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Adriano Stephan Nascente(1) and Carlos Alexandre Costa Crusciol(2)

(1)Embrapa Arroz e Feijão, Rodovia GO‑462, Km 12, Zona Rural, Caixa Postal 179, CEP 75375‑000 Santo Antônio de Goiás, GO, Brazil.

E‑mail: adriano@cnpaf.embrapa.br (2)Universidade Estadual Paulista, Faculdade de Ciências Agronômicas, Departamento de Produção

Vegetal, Campus de Botucatu, Caixa Postal 237, CEP 18603‑970 Botucatu, SP, Brazil. E‑mail: crusciol@fca.unesp.br

Abstract – The objective of this work was to evaluate the effect of cover crops and timing of pre-emergence herbicide applications on soybean yield under no-tillage system. The experiment consisted of four cover crops (Panicum maximum, Urochloa ruziziensis, U. brizantha, and pearl millet) and fallow, in addition to four herbicide timings (30, 20, 10, and 0 days before soybean sowing), under no-tillage system (NTS), and of two control treatments under conventional tillage system (CTS). The experimental design was a completely randomized block, in a split-plot arrangement, with three replicates. Soybean under fallow, P. maximum, U. ruziziensis, U. brizantha, and pearl millet in the NTS and soybean under U. brizantha in the CTS did not differ signiicantly regarding

yield. Soybean under fallow in the CTS signiicantly reduced yield when compared to the other treatments. The amount of straw on soil surface did not signiicantly affect soybean yield. Chemical management of P. maximum and U. brizantha near the soybean sowing date causes signiicant damage in soybean yield. However, herbicide timing in fallow, U. ruziziensis, and pearl millet does not affect soybean yield.

Index terms: Glycine max, Panicum maximum, brachiaria, chemical management, herbicide timing, pearl millet.

Plantas de cobertura e manejo da época de aplicação de herbicida

na produção de soja em sistema plantio direto

Resumo – O objetivo deste trabalho foi avaliar o efeito de plantas de cobertura e época de aplicação de herbicidas antes do semeio na produtividade da soja em plantio direto. O experimento consistiu em quatro plantas de cobertura (Panicum maximum, Urochloa ruziziensis, U. brizantha e milheto) e pousio, além de quatro épocas de aplicação de herbicidas (30, 20, 10 e 0 dias antes do semeio da soja), em sistema plantio direto (SPD), e em dois tratamentos controle em sistema convencional (SC). Utilizou-se o delineamento experimental de blocos ao acaso, com parcelas subdivididas e três repetições. Soja sobre pousio, P. maximum, U. ruziziensis, U. brizantha e milheto em SPD e soja sobre U. brizantha em SC não diferiram signiicativamente entre si quanto à produtividade. Soja sobre pousio em SC

resultou em redução signiicativa na produtividade da soja, em comparação aos demais tratamentos. A quantidade de palha na superfície do solo não teve efeito signiicativo na produtividade da soja. O manejo químico de P. maximum e U. brizantha próximo à época de semeadura da soja causa dano signiicativo na produtividade da soja. Entretanto, a época de aplicação do herbicida após pousio, U. ruziziensis e milheto não afeta a produtividade da soja.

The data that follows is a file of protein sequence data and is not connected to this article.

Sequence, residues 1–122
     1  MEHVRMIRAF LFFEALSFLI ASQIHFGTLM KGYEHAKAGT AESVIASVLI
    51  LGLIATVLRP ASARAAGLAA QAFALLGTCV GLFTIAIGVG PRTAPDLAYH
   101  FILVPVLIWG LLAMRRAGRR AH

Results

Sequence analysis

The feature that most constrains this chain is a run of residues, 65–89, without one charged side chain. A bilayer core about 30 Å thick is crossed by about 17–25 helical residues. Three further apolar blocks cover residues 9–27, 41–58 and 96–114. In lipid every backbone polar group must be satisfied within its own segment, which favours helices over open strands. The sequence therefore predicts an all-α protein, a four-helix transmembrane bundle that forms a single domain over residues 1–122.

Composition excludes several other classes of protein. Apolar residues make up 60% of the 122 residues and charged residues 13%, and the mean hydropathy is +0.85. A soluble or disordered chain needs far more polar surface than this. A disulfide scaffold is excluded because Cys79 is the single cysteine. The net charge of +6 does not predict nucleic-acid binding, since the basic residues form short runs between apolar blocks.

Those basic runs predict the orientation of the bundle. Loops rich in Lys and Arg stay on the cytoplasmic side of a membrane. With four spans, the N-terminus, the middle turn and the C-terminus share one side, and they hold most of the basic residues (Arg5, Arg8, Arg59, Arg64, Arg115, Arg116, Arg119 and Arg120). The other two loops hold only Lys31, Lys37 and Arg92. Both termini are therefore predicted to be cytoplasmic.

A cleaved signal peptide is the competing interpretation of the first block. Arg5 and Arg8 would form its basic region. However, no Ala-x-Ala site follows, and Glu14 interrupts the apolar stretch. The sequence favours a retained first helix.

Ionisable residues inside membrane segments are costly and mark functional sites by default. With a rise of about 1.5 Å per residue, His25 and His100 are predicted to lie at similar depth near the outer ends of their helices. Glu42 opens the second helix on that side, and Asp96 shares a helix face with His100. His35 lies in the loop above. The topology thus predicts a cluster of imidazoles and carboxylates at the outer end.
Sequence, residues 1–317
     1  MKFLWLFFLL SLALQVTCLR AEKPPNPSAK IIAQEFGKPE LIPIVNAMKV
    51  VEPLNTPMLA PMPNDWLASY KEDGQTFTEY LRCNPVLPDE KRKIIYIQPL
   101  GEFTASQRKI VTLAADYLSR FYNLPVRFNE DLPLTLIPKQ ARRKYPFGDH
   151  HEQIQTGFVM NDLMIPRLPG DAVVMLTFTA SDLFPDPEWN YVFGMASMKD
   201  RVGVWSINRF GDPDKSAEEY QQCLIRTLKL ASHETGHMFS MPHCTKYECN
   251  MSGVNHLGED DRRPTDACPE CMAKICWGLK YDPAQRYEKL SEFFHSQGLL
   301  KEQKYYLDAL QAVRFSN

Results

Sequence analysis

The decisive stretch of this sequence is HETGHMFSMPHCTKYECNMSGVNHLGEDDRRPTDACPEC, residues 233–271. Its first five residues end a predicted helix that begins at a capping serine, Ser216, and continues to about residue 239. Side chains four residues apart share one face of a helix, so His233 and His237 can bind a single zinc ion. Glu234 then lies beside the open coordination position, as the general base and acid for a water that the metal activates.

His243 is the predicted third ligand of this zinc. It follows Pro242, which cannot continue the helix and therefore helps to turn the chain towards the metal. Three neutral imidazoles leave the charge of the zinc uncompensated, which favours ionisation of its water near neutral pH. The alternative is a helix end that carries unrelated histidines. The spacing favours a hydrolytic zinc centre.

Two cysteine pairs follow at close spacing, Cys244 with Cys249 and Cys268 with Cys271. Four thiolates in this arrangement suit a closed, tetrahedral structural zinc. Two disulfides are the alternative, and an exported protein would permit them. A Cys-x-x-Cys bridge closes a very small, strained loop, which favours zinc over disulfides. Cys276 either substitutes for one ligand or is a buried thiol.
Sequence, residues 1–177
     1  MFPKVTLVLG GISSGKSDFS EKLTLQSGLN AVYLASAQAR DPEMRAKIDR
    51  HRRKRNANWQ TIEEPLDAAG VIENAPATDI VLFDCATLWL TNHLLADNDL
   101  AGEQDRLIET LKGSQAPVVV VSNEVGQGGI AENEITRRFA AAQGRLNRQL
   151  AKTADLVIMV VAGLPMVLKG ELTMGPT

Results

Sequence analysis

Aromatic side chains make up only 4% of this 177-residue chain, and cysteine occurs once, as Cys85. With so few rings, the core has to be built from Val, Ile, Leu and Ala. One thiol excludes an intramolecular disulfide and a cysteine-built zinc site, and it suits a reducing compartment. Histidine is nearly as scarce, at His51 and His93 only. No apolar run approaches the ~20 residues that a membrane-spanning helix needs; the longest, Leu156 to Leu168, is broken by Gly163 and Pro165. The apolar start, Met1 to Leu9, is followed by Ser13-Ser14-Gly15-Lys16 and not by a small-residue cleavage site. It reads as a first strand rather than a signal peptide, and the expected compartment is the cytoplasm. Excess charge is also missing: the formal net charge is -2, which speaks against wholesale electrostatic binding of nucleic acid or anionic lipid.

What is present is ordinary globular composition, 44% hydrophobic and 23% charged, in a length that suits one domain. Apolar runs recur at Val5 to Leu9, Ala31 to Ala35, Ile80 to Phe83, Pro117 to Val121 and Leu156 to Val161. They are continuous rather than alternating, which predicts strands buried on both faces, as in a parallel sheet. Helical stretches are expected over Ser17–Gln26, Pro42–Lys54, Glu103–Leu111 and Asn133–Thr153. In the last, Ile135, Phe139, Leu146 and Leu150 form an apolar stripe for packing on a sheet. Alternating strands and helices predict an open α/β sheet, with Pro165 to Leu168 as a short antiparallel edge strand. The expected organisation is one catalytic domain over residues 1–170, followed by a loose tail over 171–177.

Termos para indexação: Glycine max, Panicum maximum, braquiaria, manejo químico, época aplicação de herbicida, milheto.

Introduction

Soybean [Glycine max (L.) Merr.] is largely planted in soil under no-tillage system (NTS), which is becoming an important soil management in Brazil. During the 2009/2010 harvest, no-tillage systems covered close to 25 million hectares of land area in the country (Companhia Nacional de Abastecimento, 2011). The lack of soil disturbance, use of crop rotation and the inclusion of cover crops in rotations are the major characteristics of the NTS (Dabney et al., 2001; Oliveira Junior et al., 2008; Yahuza, 2011). Currently,

the use of forage species, such as Urochloa and

Panicum, has attracted the interest of farmers and researchers due to the high quality and quantity of the straw produced (Crusciol et al., 2005; Torres et al., 2008; Nunes et al., 2009; Valle & Pagliarini, 2009).

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broad spectrum, non-selective systemic herbicide, normally used for the control of annual and perennial weeds and cover crops (Galli & Montezuma, 2005;

Matallo et al., 2009). However, the effect of glyphosate

on plant coverage is slow, taking a few days for those plants to die completely (Constantin & Oliveira Junior, 2005). Therefore, when herbicides are applied on the same day as that of soybean sowing, cover crops are still alive and standing. Consequently, there is initial shading in soybean seedlings, which harms their initial development (Santos et al., 2007). There have been reports of effects, such as yellowing, shading, reduced development, and reduction in crop yield (Constantin & Oliveira Júnior, 2005). According to Matallo et al. (2009), when glyphosate is applied near the crop sowing time, there may occur root exudation of herbicides from cover crops to soybean, especially if the roots from the cover crops treated with the herbicide are numerous and close to the roots of the crop.